It’s also a rare opportunity to discuss the relationship between special operations troops and the automobiles they use in combat. This is the place where advice isn’t based on a movie or video game.

The range and the talent are courtesy of TigerSwan International, a security firm that trains police, US military and civilians on tactical gunfighting. Part of the training they do here centers on smooth exits from vehicles to get to gunfights, as well as times they must shoot from moving cars and trucks. “What people get here is real-life experience, to see what is fact versus fiction,” says Jim Reese, co-founder of TigerSwan. “Most of what they think they know is total B.S.”

Reese is a retired Delta Force operator. He founded TigerSwan in 2005 to “provide business intelligence, crisis management and global stability services to governments and businesses.” The firm recently made headlines when documents leaked that identified them as part of the security brought in to guard the Dakota Access Pipeline against protesters. They perform risk analysis, protect company executives, and help design secure facilities in risky places.

Supporters call them contractors. Detractors call them mercenaries. Both sides agree: the firm is staffed with shooters with experience on elite military teams. The gunmen at this event are all former members of Delta Force, an elite unit formed to conduct counterterrorism missions.

Chevy hired TigerSwan to host this demo on its sprawling training range, located 17 miles from Fort Bragg in North Carolina. The Range Complex, as the company calls it, is spread over 1,900 acres, plenty of room for the intensive combat exercises conducted here. The practice spaces encompass just 100 acres; the rest of the area is needed to make sure that errant bullets land harmlessly, outside of what’s called the Surface Danger Zone.

“Your vehicle can be the most lethal weapon on the battlefield, if it’s used the right way.”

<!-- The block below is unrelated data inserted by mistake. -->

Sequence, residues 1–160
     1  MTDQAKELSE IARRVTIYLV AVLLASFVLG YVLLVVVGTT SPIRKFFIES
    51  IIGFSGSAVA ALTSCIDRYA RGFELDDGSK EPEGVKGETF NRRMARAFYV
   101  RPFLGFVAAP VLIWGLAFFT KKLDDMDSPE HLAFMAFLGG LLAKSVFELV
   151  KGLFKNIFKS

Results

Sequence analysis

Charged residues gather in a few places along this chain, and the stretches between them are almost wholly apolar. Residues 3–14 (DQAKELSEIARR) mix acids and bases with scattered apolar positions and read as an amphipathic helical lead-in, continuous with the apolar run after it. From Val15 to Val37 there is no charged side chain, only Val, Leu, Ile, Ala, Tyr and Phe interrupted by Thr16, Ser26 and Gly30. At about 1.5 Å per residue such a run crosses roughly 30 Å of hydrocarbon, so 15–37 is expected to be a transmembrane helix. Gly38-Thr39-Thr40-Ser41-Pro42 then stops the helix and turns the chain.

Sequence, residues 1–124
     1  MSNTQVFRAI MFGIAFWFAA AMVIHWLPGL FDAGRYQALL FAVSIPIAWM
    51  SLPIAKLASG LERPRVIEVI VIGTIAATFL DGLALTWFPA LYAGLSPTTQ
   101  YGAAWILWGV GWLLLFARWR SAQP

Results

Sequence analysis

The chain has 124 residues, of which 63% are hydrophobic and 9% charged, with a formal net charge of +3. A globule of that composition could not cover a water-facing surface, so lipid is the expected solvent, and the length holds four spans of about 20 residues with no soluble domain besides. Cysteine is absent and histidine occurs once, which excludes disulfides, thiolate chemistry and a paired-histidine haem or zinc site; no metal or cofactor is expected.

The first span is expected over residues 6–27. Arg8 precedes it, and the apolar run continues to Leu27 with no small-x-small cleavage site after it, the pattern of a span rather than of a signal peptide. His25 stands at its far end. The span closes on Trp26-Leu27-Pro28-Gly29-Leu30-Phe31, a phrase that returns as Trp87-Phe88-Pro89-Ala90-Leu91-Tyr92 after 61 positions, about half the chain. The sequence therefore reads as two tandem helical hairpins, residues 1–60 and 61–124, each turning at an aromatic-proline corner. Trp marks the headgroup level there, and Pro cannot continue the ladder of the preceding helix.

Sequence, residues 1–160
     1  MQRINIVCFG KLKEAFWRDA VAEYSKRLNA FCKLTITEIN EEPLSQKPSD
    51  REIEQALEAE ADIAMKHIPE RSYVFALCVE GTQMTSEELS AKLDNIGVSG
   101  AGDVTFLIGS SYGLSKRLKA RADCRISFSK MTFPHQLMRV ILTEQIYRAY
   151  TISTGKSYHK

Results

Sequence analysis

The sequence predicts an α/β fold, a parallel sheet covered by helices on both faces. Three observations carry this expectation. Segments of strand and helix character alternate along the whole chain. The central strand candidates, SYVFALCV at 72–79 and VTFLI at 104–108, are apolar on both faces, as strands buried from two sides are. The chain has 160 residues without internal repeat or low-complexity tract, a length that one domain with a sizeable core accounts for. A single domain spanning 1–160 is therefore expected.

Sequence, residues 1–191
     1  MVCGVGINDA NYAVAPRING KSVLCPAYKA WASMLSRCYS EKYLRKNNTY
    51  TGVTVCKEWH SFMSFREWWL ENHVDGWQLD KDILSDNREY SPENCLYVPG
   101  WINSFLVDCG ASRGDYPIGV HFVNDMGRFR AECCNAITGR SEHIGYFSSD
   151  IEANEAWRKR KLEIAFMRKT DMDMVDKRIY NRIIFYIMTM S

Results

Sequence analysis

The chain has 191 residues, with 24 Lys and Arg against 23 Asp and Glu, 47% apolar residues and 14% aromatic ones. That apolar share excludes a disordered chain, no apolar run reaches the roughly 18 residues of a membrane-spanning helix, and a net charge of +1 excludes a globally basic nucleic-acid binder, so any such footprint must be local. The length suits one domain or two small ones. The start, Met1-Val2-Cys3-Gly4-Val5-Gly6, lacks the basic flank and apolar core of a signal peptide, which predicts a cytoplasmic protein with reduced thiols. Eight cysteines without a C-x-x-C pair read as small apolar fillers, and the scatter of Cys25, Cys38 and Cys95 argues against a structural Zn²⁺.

Not many Hollywood myths survive for very long when discussing the best uses of vehicles in shootouts with professionals. For example, ducking behind a car for cover during a gunfight is a bad idea. “Most vehicles don’t make good pieces of cover,” Reese says. “Bullets go right through.”

He is in a good position to know: As an operator with Delta, which they call “The Unit,” Reese once caught a bullet in the wrist while driving his commander through Baghdad.

Training is another word for experience. It’s not a good idea to try something for the first time when lives are at stake. For example, training here includes the best way to drive a car away from a roadside ambush by gunmen. The first priority is to get away, to nullify the advantage the attackers gained by choosing the location. And that usually means driving forward. To do this safely means shooting out of the car’s windshield, to hit or scare the gunmen outside.

This is easier than it sounds. The ideal way to shoot out a front windshield is to make a hole with a few quick rounds, and then poke the barrel of the firearm through the hole to shoot back in earnest. But how many shots will it take to make that hole? Is the glass tempered? What’s the best body position inside a car to fire accurately?

Like anything, being a badass car gunman requires training so that your body acts without hesitation. “Practice, practice, practice,” Reese says. “Your vehicle can be the most lethal weapon on the battlefield, if it’s used the right way.”

Another lesson from the special ops world: Those behind the wheel don’t shoot. “The driver is the driver,” Reese sums up. They are responsible for watching everything ahead of the vehicle, scanning for upcoming threats and leery of any chokepoints. Others in the vehicle have their own sectors, areas they constantly watch for trouble. They call this “putting your head on a swivel.”

The hired guns of TigerSwan have been deployed across the world and have been subjected to nearly every threat to a vehicle you can imagine: roadside bombs, gunmen posted under overpasses, suicide bombers, motorcycle drive-bys. “They usually don’t even slow down,” says Rick, an operator with extensive experience in cartel-infested parts of South America, of motorcycle gunmen there. (Former operators ask that only their first names be used.)

Despite all of Chevy’s happy talk of delivering battle-ready SUVs, the first thing Delta Force does is tailor the vehicle for the conditions on the ground. That could mean using “bolt on” kits, supplied by third-party vendors. These vendors sometimes work with vehicle makers to ensure their solutions, like extra armor or weapons stations, will be easy to install.